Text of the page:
This martyr complex doesn't just extend to parents. Many people constantly complain over their very privileged positions of going to university or being able to work a 9-5 job. Nowhere was this more prevalent for me than when I was at university and it always seemed like the "busy Olympics," everyone ready to win a gold medal in who has suffered the most by who is the busiest and has the most work to turn in. In reality, many people would give their left arm to go to college, yet we still somehow turn into martyrs.

I understand that there are degrees and levels of suffering and that it certainly is stressful to work 9-5, to raise kids or to take on a degree, but to me, a lot of this complaining sometimes feels like it is rubbing it in people's faces. Because I have lupus and have been unable to do a lot of things many people take for granted (like working 9-5 and still having a life), I do have trouble feeling sympathy for people complaining on a regular basis about their jobs. Likewise, many people are unable to attend college or university due to monetary restrictions, and what of those who are struggling with infertility or have lost a child who are subjected to those constantly telling others what a living hell life is with kids with status after status on Facebook. Or those with disabilities themselves or children with disabilities that make the daily tasks of raising children much harder?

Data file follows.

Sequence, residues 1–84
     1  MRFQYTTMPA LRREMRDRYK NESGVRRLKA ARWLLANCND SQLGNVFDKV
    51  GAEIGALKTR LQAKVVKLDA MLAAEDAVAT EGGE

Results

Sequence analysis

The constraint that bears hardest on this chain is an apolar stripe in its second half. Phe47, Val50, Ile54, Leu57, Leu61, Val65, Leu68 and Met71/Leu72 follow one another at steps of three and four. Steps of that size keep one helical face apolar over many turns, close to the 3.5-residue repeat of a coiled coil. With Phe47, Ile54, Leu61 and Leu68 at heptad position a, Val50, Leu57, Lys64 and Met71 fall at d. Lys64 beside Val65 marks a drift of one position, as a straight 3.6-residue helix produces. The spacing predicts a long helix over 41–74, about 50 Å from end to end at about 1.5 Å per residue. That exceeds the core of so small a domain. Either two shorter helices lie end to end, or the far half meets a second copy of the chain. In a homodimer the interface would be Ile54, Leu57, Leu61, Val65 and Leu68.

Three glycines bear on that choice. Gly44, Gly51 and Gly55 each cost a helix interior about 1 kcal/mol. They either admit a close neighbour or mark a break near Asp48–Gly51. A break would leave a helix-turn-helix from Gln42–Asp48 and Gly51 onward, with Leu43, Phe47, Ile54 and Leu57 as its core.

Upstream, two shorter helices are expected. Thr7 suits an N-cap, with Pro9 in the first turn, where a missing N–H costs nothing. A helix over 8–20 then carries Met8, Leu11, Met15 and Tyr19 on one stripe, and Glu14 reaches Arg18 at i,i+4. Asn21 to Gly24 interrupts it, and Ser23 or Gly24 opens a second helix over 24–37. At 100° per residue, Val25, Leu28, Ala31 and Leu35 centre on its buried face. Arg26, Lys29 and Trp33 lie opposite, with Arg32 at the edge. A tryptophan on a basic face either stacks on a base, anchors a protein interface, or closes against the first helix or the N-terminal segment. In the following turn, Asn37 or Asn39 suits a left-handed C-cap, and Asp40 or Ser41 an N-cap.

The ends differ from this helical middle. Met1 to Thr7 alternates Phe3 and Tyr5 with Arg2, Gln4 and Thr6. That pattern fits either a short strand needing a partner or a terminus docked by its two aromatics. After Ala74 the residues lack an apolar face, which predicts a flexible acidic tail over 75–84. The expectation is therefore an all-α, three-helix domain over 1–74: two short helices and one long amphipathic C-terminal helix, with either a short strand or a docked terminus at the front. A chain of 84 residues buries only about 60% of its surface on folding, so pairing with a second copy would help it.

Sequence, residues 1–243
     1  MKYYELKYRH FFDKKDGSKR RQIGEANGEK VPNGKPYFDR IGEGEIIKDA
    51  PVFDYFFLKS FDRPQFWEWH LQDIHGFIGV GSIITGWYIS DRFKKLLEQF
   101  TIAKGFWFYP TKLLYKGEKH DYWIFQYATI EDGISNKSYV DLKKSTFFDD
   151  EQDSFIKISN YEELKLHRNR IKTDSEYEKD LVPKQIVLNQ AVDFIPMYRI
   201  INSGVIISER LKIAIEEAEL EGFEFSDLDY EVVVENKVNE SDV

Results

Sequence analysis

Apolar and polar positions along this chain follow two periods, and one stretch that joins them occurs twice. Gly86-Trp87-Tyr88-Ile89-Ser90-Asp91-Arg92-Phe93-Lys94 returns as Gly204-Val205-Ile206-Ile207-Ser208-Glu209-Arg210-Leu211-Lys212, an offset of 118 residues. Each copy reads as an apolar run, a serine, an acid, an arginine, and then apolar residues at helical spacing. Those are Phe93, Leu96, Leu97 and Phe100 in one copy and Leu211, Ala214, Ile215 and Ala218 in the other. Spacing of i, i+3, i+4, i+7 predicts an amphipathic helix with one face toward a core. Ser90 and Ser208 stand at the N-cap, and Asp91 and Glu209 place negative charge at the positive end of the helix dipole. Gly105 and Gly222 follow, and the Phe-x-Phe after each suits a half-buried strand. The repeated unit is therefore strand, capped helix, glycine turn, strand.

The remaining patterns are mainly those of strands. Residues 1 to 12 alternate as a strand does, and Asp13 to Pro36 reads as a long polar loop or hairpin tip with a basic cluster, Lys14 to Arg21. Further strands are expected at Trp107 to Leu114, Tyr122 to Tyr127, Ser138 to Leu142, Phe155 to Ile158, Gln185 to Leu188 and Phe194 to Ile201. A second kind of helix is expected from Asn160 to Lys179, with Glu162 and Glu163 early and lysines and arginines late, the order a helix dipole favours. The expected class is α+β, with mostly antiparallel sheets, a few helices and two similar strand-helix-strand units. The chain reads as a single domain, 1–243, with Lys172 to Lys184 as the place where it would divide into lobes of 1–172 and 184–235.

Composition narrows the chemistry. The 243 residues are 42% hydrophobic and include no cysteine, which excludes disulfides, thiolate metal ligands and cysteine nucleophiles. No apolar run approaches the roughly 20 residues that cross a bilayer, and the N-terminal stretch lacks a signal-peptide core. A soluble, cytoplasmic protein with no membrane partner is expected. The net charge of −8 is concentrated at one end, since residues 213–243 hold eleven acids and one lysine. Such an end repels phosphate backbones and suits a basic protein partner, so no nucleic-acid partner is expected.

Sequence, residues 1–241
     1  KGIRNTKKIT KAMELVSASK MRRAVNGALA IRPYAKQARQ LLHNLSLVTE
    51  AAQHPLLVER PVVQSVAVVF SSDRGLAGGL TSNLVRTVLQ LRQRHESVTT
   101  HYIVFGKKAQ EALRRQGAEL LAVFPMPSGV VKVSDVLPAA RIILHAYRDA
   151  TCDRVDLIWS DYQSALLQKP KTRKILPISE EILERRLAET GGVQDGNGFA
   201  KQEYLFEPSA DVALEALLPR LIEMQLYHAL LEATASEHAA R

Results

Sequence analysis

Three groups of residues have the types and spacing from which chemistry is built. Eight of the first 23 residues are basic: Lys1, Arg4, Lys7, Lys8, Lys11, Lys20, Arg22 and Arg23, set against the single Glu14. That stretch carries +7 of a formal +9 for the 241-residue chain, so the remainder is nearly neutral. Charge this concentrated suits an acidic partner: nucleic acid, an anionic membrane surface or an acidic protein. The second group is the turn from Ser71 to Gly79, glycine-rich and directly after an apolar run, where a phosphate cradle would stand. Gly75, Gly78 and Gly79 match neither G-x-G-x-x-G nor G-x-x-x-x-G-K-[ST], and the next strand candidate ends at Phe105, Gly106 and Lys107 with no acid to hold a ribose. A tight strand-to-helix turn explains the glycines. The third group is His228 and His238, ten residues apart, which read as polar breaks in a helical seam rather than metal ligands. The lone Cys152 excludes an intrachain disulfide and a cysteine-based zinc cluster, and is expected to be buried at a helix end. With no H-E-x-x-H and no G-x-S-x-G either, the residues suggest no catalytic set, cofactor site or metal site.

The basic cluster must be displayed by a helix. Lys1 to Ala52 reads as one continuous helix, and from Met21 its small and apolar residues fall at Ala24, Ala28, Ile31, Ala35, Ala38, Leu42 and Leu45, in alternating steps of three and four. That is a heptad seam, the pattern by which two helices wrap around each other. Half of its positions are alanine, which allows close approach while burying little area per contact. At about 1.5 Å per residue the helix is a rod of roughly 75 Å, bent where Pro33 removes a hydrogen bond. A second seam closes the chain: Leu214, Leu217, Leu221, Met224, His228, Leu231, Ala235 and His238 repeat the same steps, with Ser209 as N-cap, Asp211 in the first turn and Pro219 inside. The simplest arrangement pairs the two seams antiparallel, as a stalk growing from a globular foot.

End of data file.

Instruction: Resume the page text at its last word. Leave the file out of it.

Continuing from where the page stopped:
Of course, as I stated before, I am not saying that there aren't times when coping with normal situations aren't difficult. College/university can certainly be stressful, jobs can be rough and there can definitely be situations in these that can be described as toxic. Complaining intermittently is one thing, but when it becomes your whole identity, sometimes you need to look at changing your tune.

Why do we push ourselves to be martyrs? Why do we want constant sympathy for things that people have been doing for generations and without many of the conveniences we have today? Why is there a martyr Olympics, whether it is for work, raising children or simply living life in general? Maybe because I work so much with the Holocaust (where there is also its own version of the suffering Olympics amongst academics and other people who like to quantify and categorize suffering), it is very difficult to see normal life as something so difficult.